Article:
On the afternoon of his 2004 mega-fight with Tito Ortiz, Chuck Liddell decided to take a shower … with two groupies. A couple hours later he knocked Ortiz out in one the biggest victories in UFC history.
"Now matter how hard I train or how seriously I take a fight, when you get an opportunity to have a good time, you've got to take it," Liddell said. "So if I relaxed with a couple of girls before the Tito fight, no harm."
This behavior isn't much of a secret. Liddell wrote all of the above in his best-selling autobiography, "Iceman."
The guy is famous for his power, not his Puritanism. The former UFC light heavyweight champion is known to party pre- and post-fight, pound down beers with fans and juggle women by the half dozen.
"What can I say, it's good to be a winner," he wrote.
Then all of a sudden Liddell got knocked out by Quinton "Rampage" Jackson at UFC 71 in 2007. He got scolded for being out on the Las Vegas Strip during the days leading up to the defeat, supposedly a sign he wasn't focused. Since we know what happens in his hotel room, visiting a club may have been a good sign.
That's not how a lot of people took it. Liddell still hasn't figured out why.
When he lost his next fight – a split decision to Keith Jardine – it wasn't just fans and media who wondered if Liddell still cared about his career. He had gone from magazine covers and an appearance on "Entourage" to the brink of fading out of contention.
“There’s a hunger thing that you have to have to be an elite fighter,"Dana White told Yahoo! Sports' Kevin Iole last year. "And I just didn’t see a Chuck Liddell who was as hungry as he used to be."
White isn't just the president of the UFC, he's Liddell's former manager and longtime friend. You'd think he knows him best. White went on to say Liddell was contemplating retirement. It was that bad.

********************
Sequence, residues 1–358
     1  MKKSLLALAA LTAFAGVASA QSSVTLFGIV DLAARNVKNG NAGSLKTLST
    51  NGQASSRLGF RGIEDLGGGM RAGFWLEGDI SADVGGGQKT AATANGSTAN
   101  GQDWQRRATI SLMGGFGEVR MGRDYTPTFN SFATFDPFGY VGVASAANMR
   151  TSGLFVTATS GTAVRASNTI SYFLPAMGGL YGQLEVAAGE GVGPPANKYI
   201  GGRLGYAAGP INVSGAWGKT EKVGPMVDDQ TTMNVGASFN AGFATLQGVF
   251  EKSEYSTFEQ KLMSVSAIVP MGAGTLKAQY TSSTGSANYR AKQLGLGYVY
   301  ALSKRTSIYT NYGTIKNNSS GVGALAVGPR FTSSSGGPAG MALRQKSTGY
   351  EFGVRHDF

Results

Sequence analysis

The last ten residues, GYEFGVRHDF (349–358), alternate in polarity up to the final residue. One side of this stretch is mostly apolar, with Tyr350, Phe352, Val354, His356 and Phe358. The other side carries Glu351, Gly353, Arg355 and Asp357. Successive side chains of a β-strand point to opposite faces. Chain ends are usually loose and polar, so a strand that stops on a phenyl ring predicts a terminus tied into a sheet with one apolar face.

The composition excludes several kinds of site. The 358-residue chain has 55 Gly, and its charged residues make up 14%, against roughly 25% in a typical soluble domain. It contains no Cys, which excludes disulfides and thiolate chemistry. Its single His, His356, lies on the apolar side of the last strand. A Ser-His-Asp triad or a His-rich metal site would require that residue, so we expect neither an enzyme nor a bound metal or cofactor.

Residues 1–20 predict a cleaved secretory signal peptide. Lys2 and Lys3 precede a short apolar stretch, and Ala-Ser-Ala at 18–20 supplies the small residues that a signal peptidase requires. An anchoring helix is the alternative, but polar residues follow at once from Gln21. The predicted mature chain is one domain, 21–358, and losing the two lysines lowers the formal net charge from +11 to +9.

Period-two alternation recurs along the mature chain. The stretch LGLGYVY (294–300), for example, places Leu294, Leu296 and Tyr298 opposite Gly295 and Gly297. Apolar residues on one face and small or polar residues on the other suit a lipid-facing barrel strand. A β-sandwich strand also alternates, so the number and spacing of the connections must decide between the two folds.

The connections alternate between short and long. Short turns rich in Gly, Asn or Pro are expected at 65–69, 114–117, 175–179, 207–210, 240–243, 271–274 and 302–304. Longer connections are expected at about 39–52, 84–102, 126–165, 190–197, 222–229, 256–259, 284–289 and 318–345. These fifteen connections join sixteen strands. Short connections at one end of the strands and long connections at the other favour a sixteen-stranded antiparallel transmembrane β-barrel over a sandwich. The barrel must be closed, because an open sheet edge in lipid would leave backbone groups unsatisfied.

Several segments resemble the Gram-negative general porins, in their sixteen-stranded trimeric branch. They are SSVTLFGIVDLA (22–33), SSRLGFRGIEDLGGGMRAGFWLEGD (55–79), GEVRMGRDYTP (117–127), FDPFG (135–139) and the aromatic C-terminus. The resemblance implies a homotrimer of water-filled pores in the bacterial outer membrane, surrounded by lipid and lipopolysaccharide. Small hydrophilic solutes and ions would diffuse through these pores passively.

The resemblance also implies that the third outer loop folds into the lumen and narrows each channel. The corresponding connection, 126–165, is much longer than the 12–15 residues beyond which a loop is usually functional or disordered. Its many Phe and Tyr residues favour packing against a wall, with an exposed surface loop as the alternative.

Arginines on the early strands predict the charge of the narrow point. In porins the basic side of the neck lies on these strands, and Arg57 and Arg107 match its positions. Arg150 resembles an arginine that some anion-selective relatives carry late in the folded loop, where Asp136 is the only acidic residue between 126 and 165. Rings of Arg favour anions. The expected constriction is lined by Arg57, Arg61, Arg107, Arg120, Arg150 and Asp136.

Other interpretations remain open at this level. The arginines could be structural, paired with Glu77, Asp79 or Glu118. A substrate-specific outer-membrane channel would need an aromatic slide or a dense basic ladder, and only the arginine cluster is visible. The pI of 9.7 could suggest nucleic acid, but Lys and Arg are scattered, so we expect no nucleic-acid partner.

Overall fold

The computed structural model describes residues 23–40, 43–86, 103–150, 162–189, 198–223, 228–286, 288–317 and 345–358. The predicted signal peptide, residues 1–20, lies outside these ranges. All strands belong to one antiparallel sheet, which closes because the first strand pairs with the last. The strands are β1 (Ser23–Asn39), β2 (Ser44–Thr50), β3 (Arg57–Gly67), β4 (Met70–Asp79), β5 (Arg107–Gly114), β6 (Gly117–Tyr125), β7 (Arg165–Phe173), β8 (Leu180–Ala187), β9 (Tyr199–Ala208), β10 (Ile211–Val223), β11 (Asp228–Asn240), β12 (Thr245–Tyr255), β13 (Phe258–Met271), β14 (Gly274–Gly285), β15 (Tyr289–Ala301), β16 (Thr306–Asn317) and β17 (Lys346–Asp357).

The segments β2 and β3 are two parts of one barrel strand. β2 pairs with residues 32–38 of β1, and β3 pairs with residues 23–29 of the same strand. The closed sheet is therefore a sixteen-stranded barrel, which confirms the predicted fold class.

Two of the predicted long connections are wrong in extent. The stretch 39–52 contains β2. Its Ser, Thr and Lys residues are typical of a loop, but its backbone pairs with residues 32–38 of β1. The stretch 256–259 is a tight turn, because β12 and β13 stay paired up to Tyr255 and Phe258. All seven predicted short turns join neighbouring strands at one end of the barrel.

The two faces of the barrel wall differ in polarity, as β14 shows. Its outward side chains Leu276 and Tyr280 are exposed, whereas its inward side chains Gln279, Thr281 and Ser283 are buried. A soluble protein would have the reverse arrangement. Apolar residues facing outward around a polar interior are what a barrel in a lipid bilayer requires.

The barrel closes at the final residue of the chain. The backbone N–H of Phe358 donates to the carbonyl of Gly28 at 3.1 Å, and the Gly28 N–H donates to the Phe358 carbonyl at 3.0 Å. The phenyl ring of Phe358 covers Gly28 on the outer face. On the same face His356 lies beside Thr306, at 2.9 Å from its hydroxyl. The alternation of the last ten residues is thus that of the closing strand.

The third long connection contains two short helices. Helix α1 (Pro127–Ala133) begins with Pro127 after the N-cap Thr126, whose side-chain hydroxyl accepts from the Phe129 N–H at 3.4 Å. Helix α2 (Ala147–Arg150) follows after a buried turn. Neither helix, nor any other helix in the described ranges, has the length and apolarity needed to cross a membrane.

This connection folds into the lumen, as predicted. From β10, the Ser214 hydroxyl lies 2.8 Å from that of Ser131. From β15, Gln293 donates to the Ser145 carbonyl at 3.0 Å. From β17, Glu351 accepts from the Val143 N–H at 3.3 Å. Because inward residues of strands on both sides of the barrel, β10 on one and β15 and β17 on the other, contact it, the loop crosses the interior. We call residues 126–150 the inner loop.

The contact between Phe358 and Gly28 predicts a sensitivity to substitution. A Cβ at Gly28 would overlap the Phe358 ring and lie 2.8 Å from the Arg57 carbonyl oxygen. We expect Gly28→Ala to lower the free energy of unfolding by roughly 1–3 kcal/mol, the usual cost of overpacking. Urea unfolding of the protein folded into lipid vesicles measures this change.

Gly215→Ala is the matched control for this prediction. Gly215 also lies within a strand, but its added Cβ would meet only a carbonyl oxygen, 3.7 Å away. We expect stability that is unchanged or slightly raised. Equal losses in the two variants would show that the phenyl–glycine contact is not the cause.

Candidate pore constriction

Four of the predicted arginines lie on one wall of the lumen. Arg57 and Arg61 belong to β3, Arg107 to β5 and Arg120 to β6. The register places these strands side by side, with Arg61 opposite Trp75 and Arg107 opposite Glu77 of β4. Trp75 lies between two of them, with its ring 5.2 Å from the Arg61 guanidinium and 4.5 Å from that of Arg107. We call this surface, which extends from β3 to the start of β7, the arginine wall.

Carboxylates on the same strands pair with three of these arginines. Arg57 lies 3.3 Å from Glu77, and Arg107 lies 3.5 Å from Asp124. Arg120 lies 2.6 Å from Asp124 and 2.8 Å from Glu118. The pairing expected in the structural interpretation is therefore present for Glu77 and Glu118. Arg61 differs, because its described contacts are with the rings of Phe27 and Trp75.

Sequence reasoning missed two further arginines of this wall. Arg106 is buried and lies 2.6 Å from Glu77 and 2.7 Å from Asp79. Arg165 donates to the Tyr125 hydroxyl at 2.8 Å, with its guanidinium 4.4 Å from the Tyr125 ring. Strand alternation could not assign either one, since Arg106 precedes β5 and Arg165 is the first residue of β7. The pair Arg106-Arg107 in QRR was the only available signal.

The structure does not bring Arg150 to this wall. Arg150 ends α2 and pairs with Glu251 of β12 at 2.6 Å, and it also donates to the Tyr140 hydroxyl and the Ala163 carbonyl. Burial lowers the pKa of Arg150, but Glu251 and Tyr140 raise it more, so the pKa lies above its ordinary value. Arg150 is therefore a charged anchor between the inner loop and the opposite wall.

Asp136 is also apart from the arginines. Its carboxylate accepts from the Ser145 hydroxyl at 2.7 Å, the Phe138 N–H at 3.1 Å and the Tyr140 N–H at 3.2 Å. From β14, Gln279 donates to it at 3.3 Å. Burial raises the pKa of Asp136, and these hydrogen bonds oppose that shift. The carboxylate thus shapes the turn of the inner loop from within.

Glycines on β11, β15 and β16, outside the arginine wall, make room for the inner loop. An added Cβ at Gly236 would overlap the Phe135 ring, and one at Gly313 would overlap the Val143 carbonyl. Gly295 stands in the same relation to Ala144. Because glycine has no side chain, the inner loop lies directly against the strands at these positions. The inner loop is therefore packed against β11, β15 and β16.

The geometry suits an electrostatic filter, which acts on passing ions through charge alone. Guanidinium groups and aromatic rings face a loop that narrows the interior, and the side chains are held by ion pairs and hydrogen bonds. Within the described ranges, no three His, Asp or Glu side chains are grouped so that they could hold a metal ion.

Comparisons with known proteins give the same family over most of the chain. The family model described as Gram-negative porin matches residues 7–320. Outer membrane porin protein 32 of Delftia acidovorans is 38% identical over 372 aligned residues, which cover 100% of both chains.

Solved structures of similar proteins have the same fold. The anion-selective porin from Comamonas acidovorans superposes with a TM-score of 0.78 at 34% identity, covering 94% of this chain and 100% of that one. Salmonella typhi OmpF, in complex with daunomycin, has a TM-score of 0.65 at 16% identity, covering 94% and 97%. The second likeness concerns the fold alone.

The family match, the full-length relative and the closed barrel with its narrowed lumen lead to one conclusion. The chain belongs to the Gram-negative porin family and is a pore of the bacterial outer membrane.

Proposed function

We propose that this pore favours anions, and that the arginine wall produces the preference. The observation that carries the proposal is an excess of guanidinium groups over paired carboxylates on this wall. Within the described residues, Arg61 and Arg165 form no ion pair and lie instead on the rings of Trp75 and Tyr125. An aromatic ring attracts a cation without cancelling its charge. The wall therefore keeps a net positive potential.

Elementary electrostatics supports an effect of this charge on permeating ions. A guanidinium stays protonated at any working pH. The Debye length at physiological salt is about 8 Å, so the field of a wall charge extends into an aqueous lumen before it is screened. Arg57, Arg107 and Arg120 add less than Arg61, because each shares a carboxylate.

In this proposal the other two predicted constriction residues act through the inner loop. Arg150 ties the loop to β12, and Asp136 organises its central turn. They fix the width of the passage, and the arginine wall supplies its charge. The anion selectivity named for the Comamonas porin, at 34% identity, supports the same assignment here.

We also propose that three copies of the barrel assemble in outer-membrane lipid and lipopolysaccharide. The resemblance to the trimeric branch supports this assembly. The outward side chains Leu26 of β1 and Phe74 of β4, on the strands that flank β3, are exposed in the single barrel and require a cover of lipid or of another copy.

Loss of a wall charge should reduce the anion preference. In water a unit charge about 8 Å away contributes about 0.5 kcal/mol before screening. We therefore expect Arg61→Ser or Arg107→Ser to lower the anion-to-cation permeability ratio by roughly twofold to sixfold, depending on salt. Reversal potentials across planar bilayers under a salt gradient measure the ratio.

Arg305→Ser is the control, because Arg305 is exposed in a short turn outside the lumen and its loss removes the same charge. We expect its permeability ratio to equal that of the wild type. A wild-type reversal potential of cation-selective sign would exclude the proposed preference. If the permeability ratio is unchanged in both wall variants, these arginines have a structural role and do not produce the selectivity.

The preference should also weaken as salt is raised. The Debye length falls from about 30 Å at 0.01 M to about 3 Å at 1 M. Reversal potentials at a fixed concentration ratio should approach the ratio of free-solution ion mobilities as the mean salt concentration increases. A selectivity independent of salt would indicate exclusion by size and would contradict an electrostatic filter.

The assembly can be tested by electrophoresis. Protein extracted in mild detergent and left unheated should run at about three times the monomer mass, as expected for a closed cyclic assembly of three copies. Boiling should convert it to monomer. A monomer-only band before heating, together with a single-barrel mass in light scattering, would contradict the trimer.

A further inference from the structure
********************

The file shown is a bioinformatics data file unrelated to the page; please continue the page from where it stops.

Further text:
"Dana is just one of those guys who says what's on his mind," Liddell said Wednesday.
"I was never thinking about quitting. It was a misread on Dana's part."
Perhaps Liddell, 38, is correct. Or perhaps White was. Perhaps Liddell was never missing that drive and didn't get caught up in his newfound celebrity. Perhaps he was the same old Chuck and it was just Jardine that flustered him.
Or perhaps the loss focused him.
It doesn't matter now. Chuck is anything but retired. He returned to decisively beat Wanderlei Silva last December, and now, after healing from injury, fights Rashad Evans on Saturday at UFC 88 in Atlanta.
If he wins, he's back on top of the sport, about to join the upcoming slate of UFC super fights. He'll either get a shot at regaining his light heavyweight title against Forrest Griffin, or he'll go against pound-for-pound king Anderson Silva.
It'll be choose your blockbuster.
Liddell said he would like to regain his title and fight Wanderlei Silva again, since despite a lopsided decision he's still upset he didn't finish off his longtime rival.
"Then I'd have five rounds to knock him out," Liddell said.
Knocking out Evans won't be easy. The former Michigan State wrestler and Ultimate Fighter Season 2 champion remains unbeaten (11-0-1) in his mixed martial arts career. He hasn't, however, met anyone of Liddell's caliber.
A focused Liddell, he promises.
"I still love to fight," Liddell said. "People mistook my disappointment with a lot of things. I was really down. I was just really disappointed with my performance."
He swears he wasn't giving up. He wasn't losing focus. He wasn't doing anything different. Nor is he now, which means he may continue to, shall we say, embrace life.
He was that way when he was at his peak, too. He's going to be that way trying to get back to it.
He wouldn't be Chuck Liddell without it.
- Chuck Liddell